Nearly all B2B and B2C companies use content to drive purchase–whether that’s in-store or online. But, you need a story that readers want to hear if you wanna cut through the clutter.
You also need to be flexible. If something happens in the news, you should adjust your calendar to take advantage of or avoid being insensitive. For instance, a national tragedy warrants a suspension of promotion and, instead calls for messages of sympathy or offers of help. Don’t use a tragedy to tout yourself or minimalize the impact of events. For instance, many TV programs, like The Tonight Show, changed their formats in the aftermath of 911 to show their support for the loss of life.
Managing content marketing with images
Managing content marketing: Keywords
Years ago, keywords were actually words, so the name stuck. Today, keywords are really phrases representing the words users employ when searching for something and they’re the key to reaching your target audience.
Choosing the “right” keywords requires an in-depth understanding of your target market — often in the form of personas, which are stereotypical individuals who make up your target market.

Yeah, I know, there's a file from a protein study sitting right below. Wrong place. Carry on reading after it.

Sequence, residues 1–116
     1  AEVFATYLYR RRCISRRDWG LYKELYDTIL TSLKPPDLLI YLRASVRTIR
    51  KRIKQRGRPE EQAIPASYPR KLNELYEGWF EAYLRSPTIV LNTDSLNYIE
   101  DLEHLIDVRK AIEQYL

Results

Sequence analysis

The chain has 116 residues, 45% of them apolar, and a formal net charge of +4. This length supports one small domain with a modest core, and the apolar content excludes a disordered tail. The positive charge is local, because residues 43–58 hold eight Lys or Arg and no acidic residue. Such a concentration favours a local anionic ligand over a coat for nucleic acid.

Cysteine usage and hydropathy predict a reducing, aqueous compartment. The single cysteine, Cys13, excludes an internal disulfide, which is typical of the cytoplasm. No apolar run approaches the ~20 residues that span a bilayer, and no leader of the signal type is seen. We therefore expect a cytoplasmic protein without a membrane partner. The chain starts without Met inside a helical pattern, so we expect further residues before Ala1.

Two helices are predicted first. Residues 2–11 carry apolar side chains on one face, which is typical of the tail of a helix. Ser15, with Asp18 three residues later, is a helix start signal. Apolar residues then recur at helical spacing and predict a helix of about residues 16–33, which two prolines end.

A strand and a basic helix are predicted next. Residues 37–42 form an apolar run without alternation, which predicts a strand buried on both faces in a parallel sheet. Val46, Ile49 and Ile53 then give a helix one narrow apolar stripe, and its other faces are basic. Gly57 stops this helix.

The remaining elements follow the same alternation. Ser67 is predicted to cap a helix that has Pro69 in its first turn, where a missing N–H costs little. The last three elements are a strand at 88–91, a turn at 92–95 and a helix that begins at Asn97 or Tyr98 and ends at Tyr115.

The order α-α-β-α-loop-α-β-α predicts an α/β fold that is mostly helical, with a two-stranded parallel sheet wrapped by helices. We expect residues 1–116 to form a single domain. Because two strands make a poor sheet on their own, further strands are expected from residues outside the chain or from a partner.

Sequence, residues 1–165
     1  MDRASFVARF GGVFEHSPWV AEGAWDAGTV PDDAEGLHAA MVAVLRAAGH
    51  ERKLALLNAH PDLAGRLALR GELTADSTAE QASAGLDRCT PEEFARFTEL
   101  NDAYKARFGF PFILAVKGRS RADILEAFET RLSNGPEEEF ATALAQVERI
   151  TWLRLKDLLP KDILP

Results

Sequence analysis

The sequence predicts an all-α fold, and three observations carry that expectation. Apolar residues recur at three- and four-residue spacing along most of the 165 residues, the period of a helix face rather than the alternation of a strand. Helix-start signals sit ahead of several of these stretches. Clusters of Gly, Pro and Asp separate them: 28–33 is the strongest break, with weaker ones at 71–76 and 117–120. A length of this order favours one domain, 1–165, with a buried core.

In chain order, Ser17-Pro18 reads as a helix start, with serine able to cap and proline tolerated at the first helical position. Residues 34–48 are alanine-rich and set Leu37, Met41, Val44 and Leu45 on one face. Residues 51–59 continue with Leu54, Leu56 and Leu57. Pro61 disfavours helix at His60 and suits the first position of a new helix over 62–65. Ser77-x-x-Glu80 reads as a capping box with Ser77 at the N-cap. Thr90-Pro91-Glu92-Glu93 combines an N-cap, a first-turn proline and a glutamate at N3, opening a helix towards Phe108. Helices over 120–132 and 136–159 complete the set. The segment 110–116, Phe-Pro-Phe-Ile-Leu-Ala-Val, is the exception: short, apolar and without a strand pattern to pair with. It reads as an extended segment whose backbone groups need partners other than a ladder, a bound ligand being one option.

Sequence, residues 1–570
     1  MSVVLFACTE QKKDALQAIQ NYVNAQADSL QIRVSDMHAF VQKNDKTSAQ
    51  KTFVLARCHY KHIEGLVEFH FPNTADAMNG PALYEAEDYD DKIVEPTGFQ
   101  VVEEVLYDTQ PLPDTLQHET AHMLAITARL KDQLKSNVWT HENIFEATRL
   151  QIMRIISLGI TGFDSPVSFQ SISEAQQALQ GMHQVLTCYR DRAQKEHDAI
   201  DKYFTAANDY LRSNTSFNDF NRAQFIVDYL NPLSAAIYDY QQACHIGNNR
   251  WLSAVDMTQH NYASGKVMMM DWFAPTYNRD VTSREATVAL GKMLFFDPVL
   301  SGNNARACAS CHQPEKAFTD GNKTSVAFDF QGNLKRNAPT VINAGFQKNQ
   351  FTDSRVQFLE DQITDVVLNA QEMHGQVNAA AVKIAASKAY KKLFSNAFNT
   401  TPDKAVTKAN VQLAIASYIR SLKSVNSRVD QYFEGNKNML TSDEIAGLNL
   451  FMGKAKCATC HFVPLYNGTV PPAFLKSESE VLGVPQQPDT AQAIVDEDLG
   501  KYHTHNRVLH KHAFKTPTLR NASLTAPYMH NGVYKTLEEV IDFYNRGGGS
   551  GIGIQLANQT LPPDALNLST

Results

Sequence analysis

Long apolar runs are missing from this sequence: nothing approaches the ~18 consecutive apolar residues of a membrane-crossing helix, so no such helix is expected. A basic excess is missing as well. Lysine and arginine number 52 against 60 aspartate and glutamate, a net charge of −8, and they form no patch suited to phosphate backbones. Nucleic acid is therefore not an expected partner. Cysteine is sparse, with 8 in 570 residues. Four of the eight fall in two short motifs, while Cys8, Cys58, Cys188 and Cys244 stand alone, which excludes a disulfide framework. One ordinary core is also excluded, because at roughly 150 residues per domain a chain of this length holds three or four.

- Who are they and what do they look like?
- What are their biggest pain points?
- What aspect(s) of your products are most important to them?
- Who and what do they admire? Hate?
- What factors interfere with their ability to purchase a solution?
- How do they talk about their problem … the problem you solve?
You also need to understand your competition, since you don’t really want to go head-to-head against a strong rival.
Managing content marketing: linking
We’ll talk about inbound linking a little later. Right now, I wanna talk about outbound linking. While you may not consider outbound linking is an important part of content marketing, it is for 2 reasons. First, linking to authoritative sites shows you’ve done your homework. You understand what’s happening in your area and you’ve researched your topic to make it easy and fast for readers to learn more about your topic.